Valeriana officinalis (Garden Heliotrope)
|Also known as:
|Garden Valerian, White Valerian
|part shade, sun; moist or wet soil; shores, woodland edges, ditches, gardens
|July - October
|3 to 6 feet
|Wetland Indicator Status:
|MN county distribution (click map to enlarge):
|National distribution (click map to enlarge):
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Flat to round clusters up to 4 inches across of tiny trumpet shaped flowers. Flowers are pinkish to white, up to ¼ inch long with five round lobes; 3 creamy white stamens poke out of the tube. A plant may have multiple clusters on branching stems in the upper plant.
Leaves and stems:
The opposite, compound leaves are up the 8 inches long, each with 7-12 pairs of narrow lance-shaped, toothed leaflets with scattered hairs on lower surface. Leaves become smaller and leaflets become narrower as they ascend the stem. Stems are finely hairy, especially at nodes.
Garden Heliotrope is a good example of how foreign invasive species typically exist for many decades in small isolated pockets. Population expansion is cryptic to casual observers until it suddenly becomes exponential and it starts showing up everywhere. Landowners and resource managers can expect this to become a frequent management problem in the near future while common backyard gardeners will have no notion that they are the source of the invasion. It is now becoming quite common on roadsides along the north shore of Lake Superior and will only get worse with time. The Wisconsin DNR recognized the potential threat this species presented back in the 1990s, and Connecticut has seen fit to ban it altogether.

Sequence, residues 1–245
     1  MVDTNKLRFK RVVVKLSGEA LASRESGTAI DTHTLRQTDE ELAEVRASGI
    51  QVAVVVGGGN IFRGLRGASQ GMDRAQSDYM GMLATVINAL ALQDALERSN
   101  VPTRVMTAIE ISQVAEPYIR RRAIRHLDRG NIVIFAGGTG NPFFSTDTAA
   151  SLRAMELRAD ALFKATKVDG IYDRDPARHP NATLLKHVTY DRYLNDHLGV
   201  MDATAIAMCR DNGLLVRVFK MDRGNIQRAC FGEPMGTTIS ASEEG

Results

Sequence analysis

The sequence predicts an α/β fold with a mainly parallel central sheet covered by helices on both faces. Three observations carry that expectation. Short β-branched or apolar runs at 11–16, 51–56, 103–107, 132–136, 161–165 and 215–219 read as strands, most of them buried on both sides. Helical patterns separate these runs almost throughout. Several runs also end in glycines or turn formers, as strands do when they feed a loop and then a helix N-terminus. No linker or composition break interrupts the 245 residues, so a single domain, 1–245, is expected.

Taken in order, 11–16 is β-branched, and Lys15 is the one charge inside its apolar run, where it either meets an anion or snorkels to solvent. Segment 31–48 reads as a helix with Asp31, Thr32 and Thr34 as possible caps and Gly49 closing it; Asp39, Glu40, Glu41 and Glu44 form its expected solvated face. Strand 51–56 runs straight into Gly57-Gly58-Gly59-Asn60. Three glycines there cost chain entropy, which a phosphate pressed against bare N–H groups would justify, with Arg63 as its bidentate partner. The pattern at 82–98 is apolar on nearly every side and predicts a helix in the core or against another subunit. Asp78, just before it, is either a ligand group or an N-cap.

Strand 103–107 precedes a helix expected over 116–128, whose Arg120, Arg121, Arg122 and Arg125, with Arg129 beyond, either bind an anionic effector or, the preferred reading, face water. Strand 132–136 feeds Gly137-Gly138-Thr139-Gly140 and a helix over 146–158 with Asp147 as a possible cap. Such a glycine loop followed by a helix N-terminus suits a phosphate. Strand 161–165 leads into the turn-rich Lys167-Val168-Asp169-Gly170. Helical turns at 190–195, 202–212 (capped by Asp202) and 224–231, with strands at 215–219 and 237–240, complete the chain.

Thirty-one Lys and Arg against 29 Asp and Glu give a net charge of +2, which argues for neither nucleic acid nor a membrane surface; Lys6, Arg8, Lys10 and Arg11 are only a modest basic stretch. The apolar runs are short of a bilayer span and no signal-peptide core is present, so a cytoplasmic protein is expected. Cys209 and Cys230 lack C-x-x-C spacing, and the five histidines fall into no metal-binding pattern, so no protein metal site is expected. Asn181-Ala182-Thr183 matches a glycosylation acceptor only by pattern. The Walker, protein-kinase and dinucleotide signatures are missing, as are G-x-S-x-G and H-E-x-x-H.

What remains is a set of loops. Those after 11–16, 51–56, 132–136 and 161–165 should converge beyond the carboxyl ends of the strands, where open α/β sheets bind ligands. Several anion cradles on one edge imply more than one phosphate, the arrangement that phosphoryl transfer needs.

While doing research on this species, I came across claim after claim of how beneficial it is to pollinators, but it is simply another nectar source—sugar water would do just as well, along with countless native species that provided nectar long before this plant ever arrived here. I have not found any account of Garden Heliotrope being a host plant for any native insects. Reading various gardeners' blogs, at first I found it interesting how excited they'd get when this wonder plant started spreading into all corners of their gardens. But this discourages me, as it demonstrates both the invasive nature of the beast, and the blindness of the average gardener to the invasive behavior.
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- Garden Heliotrope plants
- a roadside infestation
- infestation along the North Shore
- Garden Heliotrope with invasive Tansy and Reed Canary Grass
- sprouting plant
- pink tinged flowers
Photos by K. Chayka taken along the North Shore of Lake Superior, St. Louis County. Photos courtesy Peter M. Dziuk taken at a nature center in Hennepin County, and in Winona County.
Have you seen this plant in Minnesota, or have any other comments about it?